50 Years Later, It’s Time for a New War on Poverty

Fifty years after LBJ declared war on poverty in America, we need to keep fighting.

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President Lyndon Johnson signs the Economic Opportunity Act on May 21, 1964.

LBJ Library, photo by Cecil Stoughton

Fifty years ago today, President Lyndon Johnson gave one of the most important State of the Union speeches in American history. Championing the cause of racial and economic equality, he promised, “This administration today, here and now, declares unconditional war on poverty in America.”

A half-century later, it’s time for America to declare a new war on poverty.

Like the best presidential addresses, Johnson’s “War on Poverty” speech was enormously ambitious. He argued that a nation as rich and powerful as the United States had a political and moral obligation to lift millions out of poverty, help create jobs for inner-city youth, protect the elderly and provide food for the hungry.

The war on poverty became the heart of Johnson’s “Great Society”—a vision of American democracy that sought to amplify and extend social policy enacted during the New Deal to an emerging generation of Americans.

But two generations later, the same inequality Johnson so eloquently described—and vowed to defeat—is growing throughout America, and leaving a wealthy nation scarred with pockmarks of hunger, unemployment, mass incarceration and homelessness.

The anniversary of his speech, though, is an opportunity to ponder missed opportunities, celebrate successful programs and, most importantly, to look ahead to the future.

What can we do now, and how do we want future generations to remember us?

Now is the time for black activists and their allies to demand a new war on poverty. In contrast to 1964, when a burgeoning civil rights movement inspired and cajoled the federal government into action, we live in a time when politicians are loath to speak truthfully about the state of contemporary American politics. Instead, both liberals and conservatives offer bromides about “American exceptionalism” that ignore rampant and politically fueled inequality that marks the post-American century.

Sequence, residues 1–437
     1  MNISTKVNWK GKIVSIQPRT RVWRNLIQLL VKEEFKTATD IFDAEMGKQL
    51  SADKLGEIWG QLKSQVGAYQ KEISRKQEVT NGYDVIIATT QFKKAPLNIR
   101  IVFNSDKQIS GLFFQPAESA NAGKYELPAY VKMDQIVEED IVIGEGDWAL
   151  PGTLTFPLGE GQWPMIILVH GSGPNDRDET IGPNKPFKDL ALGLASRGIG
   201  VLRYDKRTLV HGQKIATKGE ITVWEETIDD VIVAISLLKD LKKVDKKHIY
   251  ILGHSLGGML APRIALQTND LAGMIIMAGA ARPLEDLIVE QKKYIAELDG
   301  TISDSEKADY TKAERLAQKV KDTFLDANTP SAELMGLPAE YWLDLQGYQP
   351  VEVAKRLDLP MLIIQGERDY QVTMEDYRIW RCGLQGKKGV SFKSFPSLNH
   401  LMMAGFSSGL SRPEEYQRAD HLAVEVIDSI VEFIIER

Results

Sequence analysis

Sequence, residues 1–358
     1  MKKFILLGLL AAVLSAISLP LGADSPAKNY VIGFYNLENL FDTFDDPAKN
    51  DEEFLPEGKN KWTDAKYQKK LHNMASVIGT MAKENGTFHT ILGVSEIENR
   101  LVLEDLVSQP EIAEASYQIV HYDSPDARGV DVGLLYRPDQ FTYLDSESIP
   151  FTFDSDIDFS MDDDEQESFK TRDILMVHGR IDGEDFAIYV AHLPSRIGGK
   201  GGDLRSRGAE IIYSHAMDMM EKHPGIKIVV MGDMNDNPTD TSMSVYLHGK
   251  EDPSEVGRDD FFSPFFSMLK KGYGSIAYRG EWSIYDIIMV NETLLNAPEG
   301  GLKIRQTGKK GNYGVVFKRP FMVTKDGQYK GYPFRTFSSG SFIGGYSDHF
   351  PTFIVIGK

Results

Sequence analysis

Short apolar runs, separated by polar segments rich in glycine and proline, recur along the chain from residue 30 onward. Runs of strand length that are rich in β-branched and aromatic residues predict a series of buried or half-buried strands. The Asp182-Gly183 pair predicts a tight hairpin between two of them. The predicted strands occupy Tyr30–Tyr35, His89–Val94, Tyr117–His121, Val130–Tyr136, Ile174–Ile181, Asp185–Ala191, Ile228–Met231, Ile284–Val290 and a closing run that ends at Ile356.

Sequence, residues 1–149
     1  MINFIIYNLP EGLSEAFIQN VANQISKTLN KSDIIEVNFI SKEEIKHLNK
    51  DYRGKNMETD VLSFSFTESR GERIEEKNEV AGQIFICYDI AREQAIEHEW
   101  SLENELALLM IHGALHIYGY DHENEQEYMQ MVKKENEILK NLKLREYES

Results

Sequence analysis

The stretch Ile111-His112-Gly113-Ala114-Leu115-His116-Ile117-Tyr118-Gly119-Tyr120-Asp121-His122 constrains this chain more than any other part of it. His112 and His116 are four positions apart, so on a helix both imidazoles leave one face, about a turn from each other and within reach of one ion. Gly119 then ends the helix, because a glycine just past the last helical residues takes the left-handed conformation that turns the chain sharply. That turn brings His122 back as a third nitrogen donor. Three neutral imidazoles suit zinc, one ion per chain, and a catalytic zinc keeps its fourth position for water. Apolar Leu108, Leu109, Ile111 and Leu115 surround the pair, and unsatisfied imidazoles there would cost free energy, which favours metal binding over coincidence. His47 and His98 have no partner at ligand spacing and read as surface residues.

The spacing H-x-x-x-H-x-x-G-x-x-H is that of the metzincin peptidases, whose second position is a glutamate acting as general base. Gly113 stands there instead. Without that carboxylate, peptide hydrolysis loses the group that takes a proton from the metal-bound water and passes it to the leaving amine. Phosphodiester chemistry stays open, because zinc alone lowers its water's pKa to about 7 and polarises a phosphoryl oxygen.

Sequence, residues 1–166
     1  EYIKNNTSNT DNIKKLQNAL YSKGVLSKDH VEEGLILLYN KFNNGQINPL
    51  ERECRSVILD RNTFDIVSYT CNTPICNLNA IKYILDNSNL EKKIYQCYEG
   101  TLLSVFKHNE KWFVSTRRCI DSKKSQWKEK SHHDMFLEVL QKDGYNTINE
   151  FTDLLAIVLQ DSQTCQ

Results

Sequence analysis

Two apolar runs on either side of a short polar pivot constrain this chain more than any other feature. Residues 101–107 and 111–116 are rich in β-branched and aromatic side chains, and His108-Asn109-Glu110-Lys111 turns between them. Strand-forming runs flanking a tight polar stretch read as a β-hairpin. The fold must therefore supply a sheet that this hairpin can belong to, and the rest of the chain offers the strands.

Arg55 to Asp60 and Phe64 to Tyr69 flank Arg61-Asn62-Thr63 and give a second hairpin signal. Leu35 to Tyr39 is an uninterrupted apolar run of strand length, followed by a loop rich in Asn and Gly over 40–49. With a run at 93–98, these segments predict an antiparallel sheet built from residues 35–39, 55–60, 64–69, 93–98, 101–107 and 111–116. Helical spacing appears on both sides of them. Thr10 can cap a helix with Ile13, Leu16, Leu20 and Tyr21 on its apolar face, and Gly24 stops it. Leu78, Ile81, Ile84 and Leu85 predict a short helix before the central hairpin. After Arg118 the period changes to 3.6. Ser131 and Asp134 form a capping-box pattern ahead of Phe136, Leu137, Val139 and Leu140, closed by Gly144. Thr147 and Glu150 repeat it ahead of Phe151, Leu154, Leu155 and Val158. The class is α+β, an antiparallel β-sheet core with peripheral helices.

Johnson’s State of the Union, by contrast, proved truly remarkable. One is struck, when reading it again, by the president’s bold advocacy of multicultural democracy and social justice that would extend from whites in Appalachia to Native Americans on reservations out to blacks living in inner cities. Rather than abandon those holding onto the nation’s lower economic rungs, Johnson embraced them in a speech that advocated a progressive approach to immigration reform, infrastructure spending and the pursuit of world peace.

Indeed, many of the issues and themes so eloquently and boldly addressed 50 years ago still bedevil contemporary American society and politics. But a new war on poverty could prove just the kind of ambitious political tonic capable of addressing enduring problems.

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